Westgold Resources approaches record revenues

Company News

by Glenn Dyer

As Westgold Resources (ASX:WGX) heads towards its $1.3 billion merger with Karora Resources later this year, it is also approaching record revenues of over $700 million for the year ending June 30. This comes despite a drop in annual gold output.

In a second statement to the ASX on Thursday, following news of its first final dividend, the company disclosed it produced 227,237 ounces of gold over the 12 months, at the upper end of the 220,000-230,000 range. This was after producing 52,795 ounces in the June quarter.

However, the full-year figure was nearly 12% lower than the 257,116 ounces produced in 2022-23. Normally, this would disappoint investors, but the surge in gold prices, especially in the second half of the financial year, has mitigated that impact.

(2023-24 production was also below the peak of 270,884 ounces in 2022).

The company faced investor skepticism in April, with shares dropping 13% in a day, when it revealed issues at its Meekatharra operations and significant rainfall across WA's goldfields in the March quarter, prompting a downward revision of guidance from 245,000 to 265,000 ounces.

Typically, this would result in lower earnings estimates, but favorable global gold prices and a weak Australian dollar supported the sector.

As a result, revenue from gold sales for the year is expected to reach around $710 million, up from $654 million in 2022-23. It would have been approximately $100 million higher were it not for the production shortfall due to Meekatharra issues and adverse weather.

Still, the company saw its average Australian gold price rise to $3,493 per ounce in the June quarter, up from $3,137 in March and $3,041 in December 2023.

The average price for 2022-23 was $2,556 per ounce, more than offsetting higher costs, inflation, and issues at Meekatharra and the weather.

The surge in gold prices increased cash and equivalents to $263 million as of June 30, up from $194 million a year earlier, despite substantial project spending.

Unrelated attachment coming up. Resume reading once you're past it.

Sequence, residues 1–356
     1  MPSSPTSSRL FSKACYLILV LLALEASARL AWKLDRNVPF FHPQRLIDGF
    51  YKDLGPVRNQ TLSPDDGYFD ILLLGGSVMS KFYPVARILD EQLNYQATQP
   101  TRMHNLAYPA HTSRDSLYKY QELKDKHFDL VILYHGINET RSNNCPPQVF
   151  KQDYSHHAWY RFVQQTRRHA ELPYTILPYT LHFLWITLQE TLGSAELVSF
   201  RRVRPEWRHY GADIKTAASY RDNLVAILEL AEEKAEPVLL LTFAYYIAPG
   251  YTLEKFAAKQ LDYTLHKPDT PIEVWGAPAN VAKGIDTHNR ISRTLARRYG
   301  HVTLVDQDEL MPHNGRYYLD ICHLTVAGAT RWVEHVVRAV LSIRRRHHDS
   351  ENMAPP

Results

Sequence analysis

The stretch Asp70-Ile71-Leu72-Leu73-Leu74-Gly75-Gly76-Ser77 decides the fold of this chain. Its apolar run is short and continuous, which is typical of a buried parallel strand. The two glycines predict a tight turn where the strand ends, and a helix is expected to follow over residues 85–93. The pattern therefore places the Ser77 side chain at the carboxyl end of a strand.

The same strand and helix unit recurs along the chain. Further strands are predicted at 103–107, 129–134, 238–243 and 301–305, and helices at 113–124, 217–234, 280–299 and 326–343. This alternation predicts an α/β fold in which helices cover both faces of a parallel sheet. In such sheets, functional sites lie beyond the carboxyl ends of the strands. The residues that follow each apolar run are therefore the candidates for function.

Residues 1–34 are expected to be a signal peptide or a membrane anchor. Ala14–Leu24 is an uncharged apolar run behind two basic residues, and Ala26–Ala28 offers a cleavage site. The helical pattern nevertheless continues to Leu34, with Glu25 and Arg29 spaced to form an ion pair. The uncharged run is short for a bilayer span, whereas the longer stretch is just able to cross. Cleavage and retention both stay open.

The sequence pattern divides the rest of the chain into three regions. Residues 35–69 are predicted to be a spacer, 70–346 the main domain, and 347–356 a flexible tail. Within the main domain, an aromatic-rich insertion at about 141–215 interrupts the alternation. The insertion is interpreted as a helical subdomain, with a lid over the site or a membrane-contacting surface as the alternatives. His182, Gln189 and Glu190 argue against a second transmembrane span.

Westgold confirmed it remains free of fixed forward gold sales contracts and is now fully unhedged following the conclusion of its zero-cost collars at the quarter's end.

CEO Wayne Bramwell noted in Thursday’s update, "It is pleasing the business achieved the upper end of our FY24 production guidance, with 227,237 ounces of gold produced during the year."

"Looking ahead, the growth capital invested across our assets in the past year is expected to begin delivering increased production and margin improvements in the second half of FY25 and beyond."

"Our wholly Western Australian gold business will be enhanced upon completion of the merger with Karora at the end of July, subject to conditions precedent."

"The expanded Westgold will offer a unique prospect in the Australian gold sector – an unhedged, well-funded owner-operator fully leveraged to the gold price."

"With an extensive pipeline of organic expansion, development, and exploration opportunities, Westgold will have unparalleled growth potential and offer an unrivaled value proposition to a broader investment market," he predicted.

The company has heavily invested in its Murchison gold mining assets in WA, particularly around the Bluebird-South Junction mines and prospects, which appear to hold significant upside for Westgold.

Over the past three years, while the company has shown interest in acquiring smaller ounces, it has been actively seeking larger opportunities.

Talks with rival Ramelius in late 2023 did not progress, possibly due to financial constraints. Westgold ultimately succeeded with a share and cash offer for Canadian-Australian miner Karora Resources.

(Ramelius is now considering Spartan Resources.)

Upon completion of the merger, Westgold will gain ownership of Karora’s Beta Hunt and Higginsville gold mines, located near Westgold’s Bluebird/South Junction and Great Fingall mines. Westgold will also acquire the Lakewood gold mill near Kalgoorlie.

Glenn Dyer

Glenn Dyer has been a finance journalist and TV producer for more than 40 years. He has worked at Maxwell Newton Publications, Queensland Newspapers, AAP, The Australian Financial Review, The Nine Network and Crikey.

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